A new study published in Science suggests that paying your taxes might actually make you feel good. Researchers gave students at the University of Oregon $100, then recorded their brain activity when they were given the chance to make anonymous donations to a food bank with some of that money. When they made their donations, the areas of their brains that lit up were the same as those associated with pleasure and reward. That finding is consistent with similar research, such as that conducted by James Rilling of Emory University, suggesting a link between altruism and positive emotions.
But the researchers here also sometimes levied a tax on the money they'd given out, telling their participants the taxed money would also go to the food bank (which it did). They found that the brain activity was the same, though not as strong, as when people gave money on their own accord.
Reporting on this finding in today's The New York Times, John Tierney writes that the results "bolster the case for 'pure altruism'"–as opposed to altruistic acts performed for selfish motives–"because the student paying the tax could not take personal credit for deciding to feed the hungry." In other words, even though they received nothing in return for their money–not even recognition for their generosity or the personal satisfaction of knowing they'd tried to do something nice for others–the participants still felt good.
Tierney quotes Ulrich Mayr, one of the study's authors, as saying, "The most surprising result is that these basic pleasure centers in the brain don't respond only to what's good for yourself. … They also seem to be tracking what's good for other people, and this occurs even when the subjects don't have a say in what happens."
Hmm. Its still a leap to believe that people feel good paying taxes. It depends on what people really believe their taxes are being used for. If citizens really believed that their taxes ultimately go to pay for good things, then perhaps I can buy that leap. But, just listen to the daily chatter around tax time and you more often hear comments like the government wasting our money, bla bla bla. In that sense, paying taxes feels more like being forced to throw money away, not being forced to contribute to the greater good.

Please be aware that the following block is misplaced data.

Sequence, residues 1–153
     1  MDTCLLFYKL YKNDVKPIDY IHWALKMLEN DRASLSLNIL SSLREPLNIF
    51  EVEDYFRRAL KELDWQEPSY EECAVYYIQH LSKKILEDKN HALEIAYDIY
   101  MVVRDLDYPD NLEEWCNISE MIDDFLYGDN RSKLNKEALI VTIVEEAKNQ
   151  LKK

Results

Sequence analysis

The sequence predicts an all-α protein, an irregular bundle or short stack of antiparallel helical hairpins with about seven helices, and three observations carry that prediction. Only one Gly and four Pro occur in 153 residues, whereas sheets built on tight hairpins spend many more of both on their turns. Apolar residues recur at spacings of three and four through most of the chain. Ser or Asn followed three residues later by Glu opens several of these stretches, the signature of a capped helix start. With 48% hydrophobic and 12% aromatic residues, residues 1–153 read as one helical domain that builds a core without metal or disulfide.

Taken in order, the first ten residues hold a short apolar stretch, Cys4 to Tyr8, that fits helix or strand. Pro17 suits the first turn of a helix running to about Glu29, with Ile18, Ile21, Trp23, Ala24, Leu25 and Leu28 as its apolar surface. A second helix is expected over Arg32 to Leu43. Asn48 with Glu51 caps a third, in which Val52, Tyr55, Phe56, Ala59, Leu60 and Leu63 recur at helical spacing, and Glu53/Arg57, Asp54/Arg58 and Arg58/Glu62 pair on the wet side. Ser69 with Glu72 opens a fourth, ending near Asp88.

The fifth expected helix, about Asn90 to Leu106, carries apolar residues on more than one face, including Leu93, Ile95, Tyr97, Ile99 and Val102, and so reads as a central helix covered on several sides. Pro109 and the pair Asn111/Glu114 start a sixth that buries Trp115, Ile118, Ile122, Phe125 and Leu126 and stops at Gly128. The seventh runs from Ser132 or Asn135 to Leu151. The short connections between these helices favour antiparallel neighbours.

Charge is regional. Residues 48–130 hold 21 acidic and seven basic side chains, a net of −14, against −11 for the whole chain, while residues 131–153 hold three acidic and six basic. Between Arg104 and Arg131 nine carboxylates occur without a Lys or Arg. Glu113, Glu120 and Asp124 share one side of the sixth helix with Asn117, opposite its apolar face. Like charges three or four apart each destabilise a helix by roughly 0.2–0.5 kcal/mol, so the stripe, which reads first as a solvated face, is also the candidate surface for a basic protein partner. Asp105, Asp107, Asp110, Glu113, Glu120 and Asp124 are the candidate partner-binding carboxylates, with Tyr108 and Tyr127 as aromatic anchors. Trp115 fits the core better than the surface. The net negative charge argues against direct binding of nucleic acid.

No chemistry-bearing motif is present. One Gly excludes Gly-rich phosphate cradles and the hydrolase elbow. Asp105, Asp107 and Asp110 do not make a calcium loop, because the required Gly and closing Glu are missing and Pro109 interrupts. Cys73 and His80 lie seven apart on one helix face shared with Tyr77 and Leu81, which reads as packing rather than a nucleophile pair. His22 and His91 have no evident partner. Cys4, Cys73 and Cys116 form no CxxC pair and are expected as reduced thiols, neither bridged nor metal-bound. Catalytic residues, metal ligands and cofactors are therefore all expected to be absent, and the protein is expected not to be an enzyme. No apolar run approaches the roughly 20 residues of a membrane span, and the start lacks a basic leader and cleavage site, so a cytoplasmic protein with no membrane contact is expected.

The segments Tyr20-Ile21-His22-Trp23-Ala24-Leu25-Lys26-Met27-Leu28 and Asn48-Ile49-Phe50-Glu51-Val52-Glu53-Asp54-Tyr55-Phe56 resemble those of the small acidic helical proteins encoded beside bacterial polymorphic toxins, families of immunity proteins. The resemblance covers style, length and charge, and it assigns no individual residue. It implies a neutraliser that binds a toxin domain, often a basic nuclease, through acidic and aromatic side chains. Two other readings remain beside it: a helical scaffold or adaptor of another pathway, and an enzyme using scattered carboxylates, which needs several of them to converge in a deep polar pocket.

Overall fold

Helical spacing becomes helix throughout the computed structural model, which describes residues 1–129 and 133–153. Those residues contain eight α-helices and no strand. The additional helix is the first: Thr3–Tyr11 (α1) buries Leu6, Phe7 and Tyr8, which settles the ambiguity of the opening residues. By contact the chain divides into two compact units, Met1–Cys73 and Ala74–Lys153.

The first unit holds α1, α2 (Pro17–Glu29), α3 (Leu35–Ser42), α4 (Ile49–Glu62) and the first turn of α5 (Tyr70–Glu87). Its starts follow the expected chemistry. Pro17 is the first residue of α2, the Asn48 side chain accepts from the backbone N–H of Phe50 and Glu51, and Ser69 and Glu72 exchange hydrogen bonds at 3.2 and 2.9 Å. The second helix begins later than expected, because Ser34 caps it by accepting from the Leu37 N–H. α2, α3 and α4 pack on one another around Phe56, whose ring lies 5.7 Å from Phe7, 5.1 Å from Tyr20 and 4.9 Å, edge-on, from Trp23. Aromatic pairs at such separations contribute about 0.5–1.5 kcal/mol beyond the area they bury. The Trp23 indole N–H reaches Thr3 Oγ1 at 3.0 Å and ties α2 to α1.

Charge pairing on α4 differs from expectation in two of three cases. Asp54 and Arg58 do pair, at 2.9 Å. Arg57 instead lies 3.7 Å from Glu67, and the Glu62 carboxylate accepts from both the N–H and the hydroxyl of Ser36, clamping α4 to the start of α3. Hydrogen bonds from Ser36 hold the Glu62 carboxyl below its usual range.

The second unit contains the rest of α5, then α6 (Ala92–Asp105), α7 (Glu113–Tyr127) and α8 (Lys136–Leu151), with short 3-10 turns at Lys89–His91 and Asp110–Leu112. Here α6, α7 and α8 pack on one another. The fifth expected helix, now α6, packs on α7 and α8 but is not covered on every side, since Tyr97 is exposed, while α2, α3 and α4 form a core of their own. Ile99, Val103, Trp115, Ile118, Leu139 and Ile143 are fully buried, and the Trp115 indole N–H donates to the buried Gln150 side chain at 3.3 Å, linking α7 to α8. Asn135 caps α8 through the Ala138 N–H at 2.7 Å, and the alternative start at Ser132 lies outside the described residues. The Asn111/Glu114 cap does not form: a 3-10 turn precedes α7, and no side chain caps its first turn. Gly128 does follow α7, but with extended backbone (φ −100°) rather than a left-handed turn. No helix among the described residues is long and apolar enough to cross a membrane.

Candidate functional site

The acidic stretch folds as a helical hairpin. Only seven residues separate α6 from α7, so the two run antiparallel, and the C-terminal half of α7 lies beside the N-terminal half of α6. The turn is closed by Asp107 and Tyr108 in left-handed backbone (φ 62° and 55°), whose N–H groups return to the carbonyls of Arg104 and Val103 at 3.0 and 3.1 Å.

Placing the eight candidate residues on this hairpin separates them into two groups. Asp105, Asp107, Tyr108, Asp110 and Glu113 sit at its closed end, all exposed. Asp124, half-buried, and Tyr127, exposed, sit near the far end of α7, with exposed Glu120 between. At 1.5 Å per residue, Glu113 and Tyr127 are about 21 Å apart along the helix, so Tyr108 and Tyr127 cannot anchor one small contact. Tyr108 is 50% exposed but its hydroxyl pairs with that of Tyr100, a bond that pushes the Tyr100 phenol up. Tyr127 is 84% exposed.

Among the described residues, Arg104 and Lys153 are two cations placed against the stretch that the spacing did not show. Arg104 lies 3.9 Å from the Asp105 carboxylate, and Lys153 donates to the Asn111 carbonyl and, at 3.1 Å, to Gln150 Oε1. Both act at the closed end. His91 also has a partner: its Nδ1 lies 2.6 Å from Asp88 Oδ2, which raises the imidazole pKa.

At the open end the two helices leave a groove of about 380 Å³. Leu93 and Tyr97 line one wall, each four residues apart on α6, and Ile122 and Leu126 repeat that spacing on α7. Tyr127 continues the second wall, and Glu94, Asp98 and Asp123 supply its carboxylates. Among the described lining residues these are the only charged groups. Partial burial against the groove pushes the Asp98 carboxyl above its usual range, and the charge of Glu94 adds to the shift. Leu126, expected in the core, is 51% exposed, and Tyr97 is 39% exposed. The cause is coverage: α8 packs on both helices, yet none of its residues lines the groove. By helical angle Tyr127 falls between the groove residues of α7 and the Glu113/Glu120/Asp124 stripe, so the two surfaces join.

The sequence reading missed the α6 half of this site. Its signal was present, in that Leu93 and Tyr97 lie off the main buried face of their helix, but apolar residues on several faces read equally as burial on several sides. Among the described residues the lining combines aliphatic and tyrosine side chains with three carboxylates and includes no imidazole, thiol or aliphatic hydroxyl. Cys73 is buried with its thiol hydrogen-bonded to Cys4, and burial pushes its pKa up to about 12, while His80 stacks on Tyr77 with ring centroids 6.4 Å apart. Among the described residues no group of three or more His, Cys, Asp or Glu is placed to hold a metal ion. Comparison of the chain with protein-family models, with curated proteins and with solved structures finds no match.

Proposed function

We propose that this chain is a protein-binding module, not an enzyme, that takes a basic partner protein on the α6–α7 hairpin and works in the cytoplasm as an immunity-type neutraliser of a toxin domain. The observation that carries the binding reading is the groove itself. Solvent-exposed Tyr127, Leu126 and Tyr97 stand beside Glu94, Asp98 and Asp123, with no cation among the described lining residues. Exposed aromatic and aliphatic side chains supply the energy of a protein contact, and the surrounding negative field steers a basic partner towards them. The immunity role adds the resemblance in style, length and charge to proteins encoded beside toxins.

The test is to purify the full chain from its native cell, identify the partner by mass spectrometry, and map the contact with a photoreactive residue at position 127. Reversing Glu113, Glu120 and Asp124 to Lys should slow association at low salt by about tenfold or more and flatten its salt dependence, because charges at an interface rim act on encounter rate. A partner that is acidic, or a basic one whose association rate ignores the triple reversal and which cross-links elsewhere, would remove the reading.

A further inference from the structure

However, these findings do suggest that if the government made more visible exactly where tax money goes and what impact those programs/projects have on the “greater good” in a way that people actually buy into its ultimate worthiness, then perhaps there would be all sorts of great brain activity come April.
Jenny | 8:51 am, July 12, 2007 | Link
It’s not really a leap to believe this, think about what you think about. You think about why you are paying your hard earned money. You realize that it is being paid out to support an entire nation, one that you belong to, one that you are a part of and proudly so. It reinforces your sense of belonging, your sense of responsibility and purpose as a citizen. I think this makes perfect sense. When I pay my taxes to the United States, I feel as though I am contributing to the greater good for myself and my fellow three hundred million plus citizens.
dillon_squash | 6:54 am, August 15, 2007 | Link
At the moment in Australia, there is a huge debate going on over a Carbon Tax. The government is arguing that pricing carbon and encouraging businesses to reduce their emissions will be for the ultimate good of the planet.
The opposition argues that the beenfits of this system will be virtually unmeasurable and the extra tax and costs will flow through to consumer prices.
At the moment, it would seem from the polls, that very few people are willing to wear higher costs in these tough times, even if it may be for a good course.
(There is a political backlash associated with the tax as the govt elected on th epromise that there would be no carbon tax and changed their minds once they managed to stay in power - and thi smay well be skewing the results.)
Pixie Gifts | 12:50 am, August 7, 2011 | Link
Paying taxes has always been portrayed as something to minimize as the funds are poorly administered. But properly utilized, taxation can build great economies with reliable infrastructure.
Hampers | 5:26 pm, August 24, 2011 | Link